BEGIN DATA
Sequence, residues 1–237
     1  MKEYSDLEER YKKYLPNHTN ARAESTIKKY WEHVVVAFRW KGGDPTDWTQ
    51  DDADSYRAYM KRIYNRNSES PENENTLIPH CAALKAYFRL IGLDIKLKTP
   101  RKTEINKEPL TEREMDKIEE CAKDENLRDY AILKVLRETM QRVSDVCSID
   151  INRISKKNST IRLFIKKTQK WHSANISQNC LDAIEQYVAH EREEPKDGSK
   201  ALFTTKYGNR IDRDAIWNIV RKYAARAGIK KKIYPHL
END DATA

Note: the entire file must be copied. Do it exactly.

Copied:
Sequence, residues 1–237
     1  MKEYSDLEER YKKYLPNHTN ARAESTIKKY WEHVVVAFRW KGGDPTDWTQ
    51  DDADSYRAYM KRIYNRNSES PENENTLIPH CAALKAYFRL IGLDIKLKTP
   101  RKTEINKEPL TEREMDKIEE CAKDENLRDY AILKVLRETM QRVSDVCSID
   151  INRISKKNST IRLFIKKTQK WHSANISQNC LDAIEQYVAH EREEPKDGSK
   201  ALFTTKYGNR IDRDAIWNIV RKYAARAGIK KKIYPHL